Dan Williams, CFA, CFP, Investment Analyst
People need no help picturing equity return volatility. Anyone invested in the equity market in the middle 2000s still likely feels the scars from the subprime mortgage crisis. Prior to that, there was the dot com burst of the early 2000s. The dark side of equity return volatility is double-digit loses in a short period of time that can take years to recover. It is for that reason equity investing is best for time horizons that are also double-digit in years. However fixed income volatility is more subtle in nature and although people know to try to avoid it, it is not as widely understood.
Volatility for investments is often represented by the standard deviation which most understand has to do with the range of returns that are experienced around the average return. However, knowing the term and understanding what the term represents are two separate matters. Volatility in traditional fixed income securities is driven by the two factors: changes in the rates that securities of similar risk should pay and how long you are locked into receiving the coupon rate of a given security. The magnitude these market rates changes impact the principal value of the fixed income instrument is driven by how long an investor is locked into a given rate as the duration of a bond. Accordingly, the fear of rising raters has driven investors to try to lower the duration of the bonds they own to lower the price hit or even to avoid fixed income securities.
One thing that differs between equity and fixed income volatility is what happens with returns after there is a downward movement in price. When an equity goes down in value it is likely due to the consensus judged future prospects of the equity having gone down. For a fixed income, as long as the future ability of the instrument has not come into serious question, the short-term hit comes due to the market view of rates required for payments having increased. In other words, equities go down because things have gotten worse while for fixed income prices go down because the market feels you should be paid a higher rate going forward.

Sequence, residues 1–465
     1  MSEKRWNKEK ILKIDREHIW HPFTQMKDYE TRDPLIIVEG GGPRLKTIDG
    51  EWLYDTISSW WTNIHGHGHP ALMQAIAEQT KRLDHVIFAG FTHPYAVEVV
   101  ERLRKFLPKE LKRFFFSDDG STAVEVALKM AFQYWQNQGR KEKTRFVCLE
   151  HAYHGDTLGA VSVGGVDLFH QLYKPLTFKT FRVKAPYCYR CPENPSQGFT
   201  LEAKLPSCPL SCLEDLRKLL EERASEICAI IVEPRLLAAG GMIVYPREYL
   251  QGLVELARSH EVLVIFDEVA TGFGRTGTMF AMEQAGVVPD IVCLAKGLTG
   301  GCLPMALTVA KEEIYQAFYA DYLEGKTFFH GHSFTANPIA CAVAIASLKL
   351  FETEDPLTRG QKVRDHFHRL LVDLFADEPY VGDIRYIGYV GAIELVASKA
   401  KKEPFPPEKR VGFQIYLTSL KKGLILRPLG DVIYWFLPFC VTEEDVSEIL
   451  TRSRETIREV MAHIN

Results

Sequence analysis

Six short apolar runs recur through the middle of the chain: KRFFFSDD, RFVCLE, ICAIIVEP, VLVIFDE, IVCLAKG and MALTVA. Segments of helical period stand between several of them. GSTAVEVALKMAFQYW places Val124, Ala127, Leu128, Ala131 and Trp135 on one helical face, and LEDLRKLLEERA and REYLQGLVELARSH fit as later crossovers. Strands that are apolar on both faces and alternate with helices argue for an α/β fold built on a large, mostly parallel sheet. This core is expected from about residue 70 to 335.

As way of example, consider a diversified portfolio of bonds like that represented by a Bloomberg Barclays US Aggregate Bond replicating investment like the iShares US Aggregate Bond ETF (AGG) or the Vanguard Total Bond ETF (BND). Currently, the duration is about 6 and the 30-Day SEC Yield is about 3%. If rates rise by 0.5%, these securities will take about a 3% price hit (not precisely due to convexity but close enough). Going forward the SEC Yield should rise as bonds now are lower priced but pay the same coupon amount and new bonds are bought with higher coupons. The income return on a new dollar invested is now expected to be over 3% but a 3% hit was taken on the principal amount invested. Despite the feared rate hike occurring, the net return is still projected flat or maybe even slightly positive for the 12-month period.
Another way to picture this return volatility, we can look at the actual annualized 36-month, 84-month, and 120-month rolling periods for the Bloomberg Barclays US Aggregate and Russell 3000 Index since the start of 1994, 25 years ago. During this period there existed no 36 month period where Bloomberg Barclays US Aggregate failed to deliver a positive absolute return and as increasingly longer periods are looked at the range of actual outcomes settles into a 3% to 8% range. Alternatively, equity still possesses a few very unlucky 120-month (10-year) periods with a negative return as well as periods of annualized returns in excess of 14%.
It is for this reason that longer time horizons are prescribed for equity investing and time horizons of 3+ years are regarded as reasonable for holding a diversified fixed income exposure. Finally, it would not be an investment blog if it was not pointed out that these extreme return periods often occur at different times for different asset classes and intelligent diversification gives better return range confidence. Better investment return confidence leads to increased ability to plan and better planning usually leads to better outcomes.
The views expressed are those of Brinker Capital and are not intended as investment advice or recommendation. For informational purposes only. Brinker Capital, Inc., a registered investment advisor.